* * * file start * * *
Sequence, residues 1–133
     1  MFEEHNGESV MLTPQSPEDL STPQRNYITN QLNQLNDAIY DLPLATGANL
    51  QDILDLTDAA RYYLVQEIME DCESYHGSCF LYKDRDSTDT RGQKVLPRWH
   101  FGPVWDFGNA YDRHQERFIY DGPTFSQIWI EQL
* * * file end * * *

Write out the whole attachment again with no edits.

Sequence, residues 1–133
     1  MFEEHNGESV MLTPQSPEDL STPQRNYITN QLNQLNDAIY DLPLATGANL
    51  QDILDLTDAA RYYLVQEIME DCESYHGSCF LYKDRDSTDT RGQKVLPRWH
   101  FGPVWDFGNA YDRHQERFIY DGPTFSQIWI EQL